22489

DOLPHIN BALLET (SPOTTED DOLPHINS) 2187780AP

Product Details
  • In Prints: Print
  • Subject Type: Signed
Description

Spotted Dolphins (Stenella frontalis) in the waters around Bimini in the Bahamas. Dr. Denise Herzing has been studying a population of these dolphins in the Bahamas for 30 years. A large portion of her work involves working to create two way communication with the animals. She recently developed an underwater, wearable computer that can produce dolphin signature whistles and whistles that represent objects. This device can also interpret whistles from dolphins.

About National Geographic Fine Art

National Geographic | Fine Art Galleries presents fine art photography through exclusive limited editions embodying the rich heritage of the National Geographic Society and National Geographic magazine since 1888.

Trusted Retailers

National Geographic Fine Art Galleries
National Geographic Fine Art Galleries

1205 Prospect Street, Ste. A
La Jolla, California, 92037

Driving Directions | Website
STORE HOURS

MONDAY

TUESDAY

WEDNESDAY

THURSDAY

FRIDAY

SATURDAY

SUNDAY

Product Specifications

DOLPHIN BALLET (SPOTTED DOLPHINS): Artist Proof

Brian Skerry

 

“The photo was taken in the Bahamas as part of a cover story for the May 2015 issue ofNational Geographic magazine. The story centered on dolphin cognition. One of those ways animals show their intelligence is through social behaviour and game play. Dolphins do this all the time. If you’re swimming behind them, they will be rubbing and nipping at each other. But it’s difficult to make a clean, single frame that has some poetry to it. It’s often cluttered or just doesn’t sing out visually the way I’d like it to. This one day, I’d swum for hours with this group of dolphins, they slowed down and allowed me to enter into their world. They began playing, doing circles, and going down to the sandy bottom, then coming back up. I hovered over them and, for this brief instant, saw how the group of dolphins was almost forming a circle. This one dolphin had broken off, swum down to the bottom and was coming back up. Typically, in underwater photography, looking downward is not the best angle for a camera. Usually, it’s looking upward toward the sun. But the white sand bottom was giving some reflection, allowing enough ambient light for me to make this frame. It was just that one brief moment. I released the shutter, and it was gone, like a ghost.”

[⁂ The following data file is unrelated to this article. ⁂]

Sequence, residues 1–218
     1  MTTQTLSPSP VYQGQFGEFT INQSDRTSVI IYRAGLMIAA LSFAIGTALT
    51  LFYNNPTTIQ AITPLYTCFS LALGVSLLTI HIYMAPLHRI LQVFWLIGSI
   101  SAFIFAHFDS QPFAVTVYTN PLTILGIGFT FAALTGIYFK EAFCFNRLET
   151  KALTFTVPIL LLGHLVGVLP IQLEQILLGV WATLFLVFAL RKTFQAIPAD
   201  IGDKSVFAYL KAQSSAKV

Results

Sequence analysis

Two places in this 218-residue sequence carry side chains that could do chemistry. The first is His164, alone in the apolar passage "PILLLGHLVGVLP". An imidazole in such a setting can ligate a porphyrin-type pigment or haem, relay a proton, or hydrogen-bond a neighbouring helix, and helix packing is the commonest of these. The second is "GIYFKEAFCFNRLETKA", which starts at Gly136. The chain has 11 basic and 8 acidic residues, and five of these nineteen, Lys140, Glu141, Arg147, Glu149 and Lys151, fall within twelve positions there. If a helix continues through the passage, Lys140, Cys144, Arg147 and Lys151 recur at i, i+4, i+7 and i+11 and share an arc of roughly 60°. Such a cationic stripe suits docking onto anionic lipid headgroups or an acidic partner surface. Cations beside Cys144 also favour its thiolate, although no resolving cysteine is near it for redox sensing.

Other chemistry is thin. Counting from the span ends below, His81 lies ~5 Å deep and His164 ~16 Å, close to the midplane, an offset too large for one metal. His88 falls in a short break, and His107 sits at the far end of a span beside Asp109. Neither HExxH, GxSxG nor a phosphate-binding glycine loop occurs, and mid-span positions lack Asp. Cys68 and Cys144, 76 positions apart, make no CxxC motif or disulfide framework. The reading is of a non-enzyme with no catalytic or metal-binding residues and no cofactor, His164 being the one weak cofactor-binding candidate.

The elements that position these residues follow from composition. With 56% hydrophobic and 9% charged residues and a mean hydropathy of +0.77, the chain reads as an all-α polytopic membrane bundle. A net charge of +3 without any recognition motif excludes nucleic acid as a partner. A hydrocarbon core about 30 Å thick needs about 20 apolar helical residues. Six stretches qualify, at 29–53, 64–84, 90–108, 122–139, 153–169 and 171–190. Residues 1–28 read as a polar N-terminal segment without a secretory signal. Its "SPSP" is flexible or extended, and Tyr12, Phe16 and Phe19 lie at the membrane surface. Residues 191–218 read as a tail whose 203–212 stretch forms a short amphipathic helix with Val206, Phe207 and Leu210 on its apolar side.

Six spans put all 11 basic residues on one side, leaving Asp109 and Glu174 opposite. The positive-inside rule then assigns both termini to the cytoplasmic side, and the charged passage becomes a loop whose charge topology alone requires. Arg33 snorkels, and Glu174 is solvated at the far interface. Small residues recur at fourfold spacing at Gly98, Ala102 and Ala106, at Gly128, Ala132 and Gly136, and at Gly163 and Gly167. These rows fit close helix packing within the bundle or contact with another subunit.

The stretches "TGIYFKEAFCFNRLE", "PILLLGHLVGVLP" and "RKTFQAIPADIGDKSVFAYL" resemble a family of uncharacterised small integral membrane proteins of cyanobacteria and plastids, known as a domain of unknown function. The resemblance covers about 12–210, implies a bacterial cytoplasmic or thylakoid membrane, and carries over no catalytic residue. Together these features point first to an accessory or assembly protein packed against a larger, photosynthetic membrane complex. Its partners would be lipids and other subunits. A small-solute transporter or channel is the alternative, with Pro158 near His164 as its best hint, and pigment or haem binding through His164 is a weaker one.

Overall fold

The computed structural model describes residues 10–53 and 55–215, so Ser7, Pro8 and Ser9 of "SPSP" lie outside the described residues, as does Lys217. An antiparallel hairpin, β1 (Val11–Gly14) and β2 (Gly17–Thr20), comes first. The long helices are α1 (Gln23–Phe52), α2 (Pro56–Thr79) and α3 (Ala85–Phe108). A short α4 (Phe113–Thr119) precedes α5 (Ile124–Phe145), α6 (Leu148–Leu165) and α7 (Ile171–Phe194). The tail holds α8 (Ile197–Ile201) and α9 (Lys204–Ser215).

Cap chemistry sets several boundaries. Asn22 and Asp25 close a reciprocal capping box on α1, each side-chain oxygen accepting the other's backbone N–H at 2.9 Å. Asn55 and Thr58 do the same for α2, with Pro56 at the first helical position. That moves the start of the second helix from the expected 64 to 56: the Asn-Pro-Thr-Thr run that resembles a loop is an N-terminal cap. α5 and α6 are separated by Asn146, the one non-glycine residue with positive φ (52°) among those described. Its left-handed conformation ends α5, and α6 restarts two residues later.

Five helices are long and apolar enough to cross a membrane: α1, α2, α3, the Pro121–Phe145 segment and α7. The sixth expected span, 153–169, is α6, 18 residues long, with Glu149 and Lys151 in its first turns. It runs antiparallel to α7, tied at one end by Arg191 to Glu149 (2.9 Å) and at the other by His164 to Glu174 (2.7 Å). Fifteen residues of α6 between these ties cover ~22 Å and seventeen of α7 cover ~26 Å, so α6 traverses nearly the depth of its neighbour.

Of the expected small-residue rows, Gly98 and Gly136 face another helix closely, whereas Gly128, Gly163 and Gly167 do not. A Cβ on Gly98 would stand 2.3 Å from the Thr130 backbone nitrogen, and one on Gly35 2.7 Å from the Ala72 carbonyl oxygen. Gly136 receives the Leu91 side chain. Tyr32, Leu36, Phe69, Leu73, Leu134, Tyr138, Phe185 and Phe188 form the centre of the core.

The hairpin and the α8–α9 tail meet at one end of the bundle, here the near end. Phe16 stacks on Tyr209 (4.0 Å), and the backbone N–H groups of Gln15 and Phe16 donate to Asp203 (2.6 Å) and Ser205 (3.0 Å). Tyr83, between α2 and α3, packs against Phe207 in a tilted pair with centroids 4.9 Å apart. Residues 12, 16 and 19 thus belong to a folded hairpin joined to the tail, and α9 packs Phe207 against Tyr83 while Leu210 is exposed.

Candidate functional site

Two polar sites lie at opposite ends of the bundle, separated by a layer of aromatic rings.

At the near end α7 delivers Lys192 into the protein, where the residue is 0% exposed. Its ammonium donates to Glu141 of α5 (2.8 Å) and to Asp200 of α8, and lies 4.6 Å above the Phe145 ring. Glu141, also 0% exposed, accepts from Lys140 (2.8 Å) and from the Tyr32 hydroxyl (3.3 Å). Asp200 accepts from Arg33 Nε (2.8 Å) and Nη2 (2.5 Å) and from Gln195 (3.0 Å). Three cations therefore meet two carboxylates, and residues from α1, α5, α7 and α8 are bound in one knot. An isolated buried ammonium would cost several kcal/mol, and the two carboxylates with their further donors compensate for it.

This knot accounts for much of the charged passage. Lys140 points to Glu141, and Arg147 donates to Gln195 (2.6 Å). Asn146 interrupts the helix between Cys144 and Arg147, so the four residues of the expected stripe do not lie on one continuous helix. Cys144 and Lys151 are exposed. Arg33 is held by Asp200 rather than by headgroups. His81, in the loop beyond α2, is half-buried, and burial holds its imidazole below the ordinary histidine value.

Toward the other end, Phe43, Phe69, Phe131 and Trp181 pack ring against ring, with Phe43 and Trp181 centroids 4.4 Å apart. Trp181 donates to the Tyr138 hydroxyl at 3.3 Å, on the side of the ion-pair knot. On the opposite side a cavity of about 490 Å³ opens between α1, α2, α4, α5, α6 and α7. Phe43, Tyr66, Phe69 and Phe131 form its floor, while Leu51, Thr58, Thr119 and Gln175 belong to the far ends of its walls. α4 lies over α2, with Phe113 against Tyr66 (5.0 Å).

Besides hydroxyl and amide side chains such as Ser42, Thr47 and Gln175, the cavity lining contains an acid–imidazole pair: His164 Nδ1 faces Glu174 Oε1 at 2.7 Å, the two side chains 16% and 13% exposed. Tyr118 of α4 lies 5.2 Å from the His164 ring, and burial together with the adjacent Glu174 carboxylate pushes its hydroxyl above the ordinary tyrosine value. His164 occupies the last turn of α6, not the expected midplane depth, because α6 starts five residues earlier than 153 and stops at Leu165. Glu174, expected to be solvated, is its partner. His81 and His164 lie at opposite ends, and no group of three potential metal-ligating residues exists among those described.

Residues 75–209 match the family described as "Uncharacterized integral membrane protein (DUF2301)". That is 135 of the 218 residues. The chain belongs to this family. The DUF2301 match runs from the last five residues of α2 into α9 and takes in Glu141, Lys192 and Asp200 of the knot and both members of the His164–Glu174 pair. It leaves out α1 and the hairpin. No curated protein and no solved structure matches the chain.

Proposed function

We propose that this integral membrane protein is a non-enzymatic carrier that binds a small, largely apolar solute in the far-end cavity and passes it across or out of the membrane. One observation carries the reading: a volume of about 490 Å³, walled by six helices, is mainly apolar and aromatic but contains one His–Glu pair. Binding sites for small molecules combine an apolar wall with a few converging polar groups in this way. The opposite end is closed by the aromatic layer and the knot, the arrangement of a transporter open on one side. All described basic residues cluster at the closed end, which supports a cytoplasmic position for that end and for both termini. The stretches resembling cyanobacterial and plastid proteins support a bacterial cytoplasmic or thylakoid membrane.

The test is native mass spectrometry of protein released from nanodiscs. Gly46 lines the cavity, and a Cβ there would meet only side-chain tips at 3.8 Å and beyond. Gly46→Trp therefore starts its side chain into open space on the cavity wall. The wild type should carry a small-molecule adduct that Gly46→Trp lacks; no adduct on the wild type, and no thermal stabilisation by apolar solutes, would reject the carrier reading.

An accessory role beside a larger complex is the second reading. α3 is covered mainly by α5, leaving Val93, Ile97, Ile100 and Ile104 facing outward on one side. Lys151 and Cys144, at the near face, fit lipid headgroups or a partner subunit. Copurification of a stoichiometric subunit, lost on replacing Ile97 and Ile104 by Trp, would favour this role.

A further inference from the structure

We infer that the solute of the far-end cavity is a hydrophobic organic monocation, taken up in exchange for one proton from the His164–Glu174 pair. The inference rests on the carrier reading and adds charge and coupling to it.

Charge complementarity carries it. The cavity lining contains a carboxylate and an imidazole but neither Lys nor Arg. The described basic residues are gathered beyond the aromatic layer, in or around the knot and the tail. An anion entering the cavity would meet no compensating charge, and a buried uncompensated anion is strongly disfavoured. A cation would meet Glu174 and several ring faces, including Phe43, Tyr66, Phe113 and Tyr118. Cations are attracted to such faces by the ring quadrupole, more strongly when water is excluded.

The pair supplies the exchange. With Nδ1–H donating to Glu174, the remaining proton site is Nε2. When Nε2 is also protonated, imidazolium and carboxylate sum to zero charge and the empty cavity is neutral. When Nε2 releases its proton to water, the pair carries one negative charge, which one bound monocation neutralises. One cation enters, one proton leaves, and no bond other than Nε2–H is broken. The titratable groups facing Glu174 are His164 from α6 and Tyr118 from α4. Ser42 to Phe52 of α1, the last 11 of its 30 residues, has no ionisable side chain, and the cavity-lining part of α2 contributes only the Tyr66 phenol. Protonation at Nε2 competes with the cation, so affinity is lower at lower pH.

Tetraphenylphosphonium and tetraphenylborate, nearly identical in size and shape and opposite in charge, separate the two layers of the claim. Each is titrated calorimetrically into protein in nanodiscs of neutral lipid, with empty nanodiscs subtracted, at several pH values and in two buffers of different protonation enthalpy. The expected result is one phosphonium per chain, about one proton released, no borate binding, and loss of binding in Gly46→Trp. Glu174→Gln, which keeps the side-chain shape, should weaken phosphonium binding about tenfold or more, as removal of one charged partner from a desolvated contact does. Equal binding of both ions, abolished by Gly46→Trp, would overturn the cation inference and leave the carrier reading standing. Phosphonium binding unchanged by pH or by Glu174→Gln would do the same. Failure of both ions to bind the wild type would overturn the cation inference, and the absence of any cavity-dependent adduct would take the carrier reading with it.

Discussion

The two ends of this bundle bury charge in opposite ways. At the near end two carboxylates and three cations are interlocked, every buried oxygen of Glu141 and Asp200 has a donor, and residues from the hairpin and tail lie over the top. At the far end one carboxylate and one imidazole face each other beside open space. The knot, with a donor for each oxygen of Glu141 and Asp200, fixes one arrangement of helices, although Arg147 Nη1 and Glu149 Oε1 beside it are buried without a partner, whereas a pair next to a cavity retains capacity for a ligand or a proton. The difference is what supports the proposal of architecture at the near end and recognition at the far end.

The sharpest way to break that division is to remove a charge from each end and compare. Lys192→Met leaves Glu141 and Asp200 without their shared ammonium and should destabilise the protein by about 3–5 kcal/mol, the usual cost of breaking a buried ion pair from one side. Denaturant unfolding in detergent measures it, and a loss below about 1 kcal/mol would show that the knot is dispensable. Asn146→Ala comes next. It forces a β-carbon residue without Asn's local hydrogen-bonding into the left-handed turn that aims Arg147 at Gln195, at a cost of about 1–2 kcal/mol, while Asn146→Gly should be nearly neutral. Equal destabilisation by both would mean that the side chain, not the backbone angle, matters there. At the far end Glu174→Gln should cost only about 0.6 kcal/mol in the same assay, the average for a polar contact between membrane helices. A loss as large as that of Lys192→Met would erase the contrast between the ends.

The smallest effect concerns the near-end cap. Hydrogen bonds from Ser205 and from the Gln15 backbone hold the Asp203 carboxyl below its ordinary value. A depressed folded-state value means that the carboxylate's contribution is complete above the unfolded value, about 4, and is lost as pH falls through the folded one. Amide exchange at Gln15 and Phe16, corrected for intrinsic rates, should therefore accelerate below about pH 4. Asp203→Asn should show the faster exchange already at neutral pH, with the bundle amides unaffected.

ADDITIONAL INFO


LOCATION: Bimini, Bahamas

CAPTURE DATE: 2014

MEDIUM: Chromogenic Print

EDITION: 10

Have a quick question or comment?

Receive Updates from Trusted